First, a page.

Public Affairs Quarterly 31 (3):165-187 (2017)

Authors
Ian James Kidd
Nottingham University
Justin B. Biddle
Georgia Institute of Technology
Abstract
Criticism plays an essential role in the growth of scientific knowledge. In some cases, however, criticism can have detrimental effects; for example, it can be used to ‘manufacture doubt’ for the purpose of impeding public policy making on issues such as tobacco consumption and greenhouse gas emissions (e.g., Oreskes & Conway 2010). In this paper, we build on previous work by Biddle and Leuschner (2015) who argue that criticism that meets certain conditions can be epistemically detrimental. We extend and refine their account by arguing that such criticism can be epistemically corrupting—it can create social conditions that are conducive to the development of epistemic vice by agents operating within them.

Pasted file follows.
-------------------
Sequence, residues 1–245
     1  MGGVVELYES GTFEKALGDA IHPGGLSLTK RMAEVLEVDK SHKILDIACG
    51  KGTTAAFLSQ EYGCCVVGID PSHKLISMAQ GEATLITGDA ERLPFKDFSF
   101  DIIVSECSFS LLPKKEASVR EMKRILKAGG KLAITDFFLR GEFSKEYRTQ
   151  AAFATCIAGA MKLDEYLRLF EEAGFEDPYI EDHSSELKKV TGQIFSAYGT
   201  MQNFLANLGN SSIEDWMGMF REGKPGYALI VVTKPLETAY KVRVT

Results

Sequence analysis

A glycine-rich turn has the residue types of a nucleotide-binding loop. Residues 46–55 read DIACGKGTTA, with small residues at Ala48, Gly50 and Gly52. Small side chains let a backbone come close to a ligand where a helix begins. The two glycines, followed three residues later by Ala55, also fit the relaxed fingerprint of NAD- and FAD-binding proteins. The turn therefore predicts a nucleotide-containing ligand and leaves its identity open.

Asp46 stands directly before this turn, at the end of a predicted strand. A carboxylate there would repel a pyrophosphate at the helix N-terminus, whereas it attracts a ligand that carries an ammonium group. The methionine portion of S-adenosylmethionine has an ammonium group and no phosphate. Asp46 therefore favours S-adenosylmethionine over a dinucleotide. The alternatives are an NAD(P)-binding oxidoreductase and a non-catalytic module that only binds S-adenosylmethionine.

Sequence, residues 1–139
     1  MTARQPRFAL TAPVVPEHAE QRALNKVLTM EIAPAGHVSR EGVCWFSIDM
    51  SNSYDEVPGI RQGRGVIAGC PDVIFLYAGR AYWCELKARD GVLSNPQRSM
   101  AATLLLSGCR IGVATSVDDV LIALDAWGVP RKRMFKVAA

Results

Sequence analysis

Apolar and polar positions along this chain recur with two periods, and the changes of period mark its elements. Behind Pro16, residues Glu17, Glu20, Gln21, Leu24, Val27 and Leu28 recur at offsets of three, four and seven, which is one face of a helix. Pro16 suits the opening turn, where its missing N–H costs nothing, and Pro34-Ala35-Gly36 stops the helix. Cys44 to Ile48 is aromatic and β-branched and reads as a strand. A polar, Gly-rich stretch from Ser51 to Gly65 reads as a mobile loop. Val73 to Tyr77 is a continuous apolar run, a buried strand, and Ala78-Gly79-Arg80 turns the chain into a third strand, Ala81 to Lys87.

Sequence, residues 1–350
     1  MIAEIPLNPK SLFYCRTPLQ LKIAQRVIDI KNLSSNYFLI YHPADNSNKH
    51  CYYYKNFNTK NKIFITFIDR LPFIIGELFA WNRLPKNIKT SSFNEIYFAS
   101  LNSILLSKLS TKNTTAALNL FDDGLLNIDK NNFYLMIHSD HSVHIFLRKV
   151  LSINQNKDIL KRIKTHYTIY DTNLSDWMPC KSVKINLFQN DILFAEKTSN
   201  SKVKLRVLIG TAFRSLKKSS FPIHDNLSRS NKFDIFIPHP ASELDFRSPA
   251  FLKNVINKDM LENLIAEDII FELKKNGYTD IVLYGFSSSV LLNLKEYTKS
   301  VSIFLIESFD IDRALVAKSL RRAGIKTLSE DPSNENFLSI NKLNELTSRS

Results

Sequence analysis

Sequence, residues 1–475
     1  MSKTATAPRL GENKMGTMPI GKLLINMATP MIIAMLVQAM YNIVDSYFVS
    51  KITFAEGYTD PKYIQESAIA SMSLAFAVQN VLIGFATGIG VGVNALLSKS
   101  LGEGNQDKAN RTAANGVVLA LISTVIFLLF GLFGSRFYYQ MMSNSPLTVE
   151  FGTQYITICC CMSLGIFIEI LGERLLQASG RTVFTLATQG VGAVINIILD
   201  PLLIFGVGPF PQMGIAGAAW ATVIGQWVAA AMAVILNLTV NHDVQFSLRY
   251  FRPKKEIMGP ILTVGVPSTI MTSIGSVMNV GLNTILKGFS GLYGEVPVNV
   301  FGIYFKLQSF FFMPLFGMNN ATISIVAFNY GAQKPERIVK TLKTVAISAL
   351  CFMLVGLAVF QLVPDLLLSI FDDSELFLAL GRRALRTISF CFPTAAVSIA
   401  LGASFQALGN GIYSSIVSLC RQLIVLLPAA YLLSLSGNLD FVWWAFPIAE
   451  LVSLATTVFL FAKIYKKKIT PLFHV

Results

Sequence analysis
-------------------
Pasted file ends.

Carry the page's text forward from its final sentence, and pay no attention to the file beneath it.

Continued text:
Keywords climate science  dissent  epistemic vice  epistemic corruption  ignorance  agnotology
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Deep Epistemic Vices.Ian James Kidd - 2018 - Journal of Philosophical Research 43:43-67..
Consensus Versus Unanimity: Which Carries More Weight?Finnur Dellsén - 2021 - British Journal for the Philosophy of Science.

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